Wait... Breathe deeply. Relax. And repeat after us: "mi2g's study dealt purely with 'overt digital attacks by hackers' and ignored viruses and worms completely. mi2g's study dealt purely with 'overt digital attacks by hackers' and ignored viruses and worms completely. mi2g's study dealt purely with 'overt digital attacks by hackers' and ignored viruses and worms completely..."

Ahhhh... we almost feel like dancing again. Who's up for the Hustle?

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A New G4. Yay. Wheeeee. (2/23/04)

Motorola's chip division isn't Freescale yet, but it's managed to squeeze out one more iteration of the G4 before it goes indie. We know, we know-- nothing about a new G4 quickens your pulse anymore, and these days your techno-lust is strictly G5-centric. Fair enough. But do try to keep in mind that, at least for now, the G5 is strictly a Power Mac (and Xserve) processor; the vast majority of Macs being sold-- all consumer Macs and even the pro laptop-- still rely on the G4 you now find so soul-killingly boring. So when Motorola announces that it's managed to bump the G4's clock speed another 13%, we do our best to look interested.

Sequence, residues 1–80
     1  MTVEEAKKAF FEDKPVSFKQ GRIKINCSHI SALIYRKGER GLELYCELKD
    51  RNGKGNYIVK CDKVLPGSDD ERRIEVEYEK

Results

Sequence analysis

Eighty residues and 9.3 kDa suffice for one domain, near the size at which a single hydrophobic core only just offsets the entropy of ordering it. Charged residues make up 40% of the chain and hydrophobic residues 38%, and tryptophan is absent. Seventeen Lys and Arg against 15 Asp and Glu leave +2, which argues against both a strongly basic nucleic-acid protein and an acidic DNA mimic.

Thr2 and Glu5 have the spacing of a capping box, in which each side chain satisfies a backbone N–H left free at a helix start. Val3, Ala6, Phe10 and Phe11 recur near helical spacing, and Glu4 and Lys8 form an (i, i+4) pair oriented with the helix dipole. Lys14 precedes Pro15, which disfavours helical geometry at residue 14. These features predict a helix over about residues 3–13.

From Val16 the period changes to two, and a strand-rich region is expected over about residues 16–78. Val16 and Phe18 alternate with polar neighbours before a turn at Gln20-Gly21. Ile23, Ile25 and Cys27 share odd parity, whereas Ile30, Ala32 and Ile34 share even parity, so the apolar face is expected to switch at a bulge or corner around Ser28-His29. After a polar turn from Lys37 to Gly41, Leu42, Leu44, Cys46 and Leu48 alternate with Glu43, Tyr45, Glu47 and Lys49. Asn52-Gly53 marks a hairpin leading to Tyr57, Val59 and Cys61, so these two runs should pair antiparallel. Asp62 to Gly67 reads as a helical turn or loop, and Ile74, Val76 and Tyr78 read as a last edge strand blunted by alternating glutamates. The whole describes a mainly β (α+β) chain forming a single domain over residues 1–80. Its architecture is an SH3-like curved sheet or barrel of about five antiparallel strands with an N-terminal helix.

We don't always succeed, mind you, but we try. Surely that counts for something.

Anyway, faithful viewer Chris McDevitt sent us an article from The Register which reveals that almost-but-not-quite-Freescale has just announced a new G4-class processor, the 7447A, which can run at speeds of up to 1.5 GHz while burning a smidge less power. The 7447A also supports frequency cycling, which means that the chip can throttle back its speed (and, consequently, its power consumption) during light workloads in order to prolong battery life. Sounds like a decent chip for revised iBooks, right? And maybe even PowerBooks, too, assuming that Apple might want one more G4 revision before it manages to shoehorn a G5 into a PowerBook chassis later this year.